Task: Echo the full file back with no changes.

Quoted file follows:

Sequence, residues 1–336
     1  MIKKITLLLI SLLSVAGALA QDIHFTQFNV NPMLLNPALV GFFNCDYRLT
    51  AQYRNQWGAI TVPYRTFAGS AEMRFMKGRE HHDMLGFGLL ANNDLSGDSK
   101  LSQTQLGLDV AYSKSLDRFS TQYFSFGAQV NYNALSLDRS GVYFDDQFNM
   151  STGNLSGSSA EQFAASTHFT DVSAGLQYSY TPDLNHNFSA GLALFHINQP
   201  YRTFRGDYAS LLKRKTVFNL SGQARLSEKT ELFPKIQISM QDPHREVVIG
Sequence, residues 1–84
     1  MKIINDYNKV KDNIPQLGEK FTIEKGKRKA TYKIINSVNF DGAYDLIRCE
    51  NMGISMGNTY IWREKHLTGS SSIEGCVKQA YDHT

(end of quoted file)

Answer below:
Sequence, residues 1–336
     1  MIKKITLLLI SLLSVAGALA QDIHFTQFNV NPMLLNPALV GFFNCDYRLT
    51  AQYRNQWGAI TVPYRTFAGS AEMRFMKGRE HHDMLGFGLL ANNDLSGDSK
   101  LSQTQLGLDV AYSKSLDRFS TQYFSFGAQV NYNALSLDRS GVYFDDQFNM
   151  STGNLSGSSA EQFAASTHFT DVSAGLQYSY TPDLNHNFSA GLALFHINQP
   201  YRTFRGDYAS LLKRKTVFNL SGQARLSEKT ELFPKIQISM QDPHREVVIG
Sequence, residues 1–84
     1  MKIINDYNKV KDNIPQLGEK FTIEKGKRKA TYKIINSVNF DGAYDLIRCE
    51  NMGISMGNTY IWREKHLTGS SSIEGCVKQA YDHT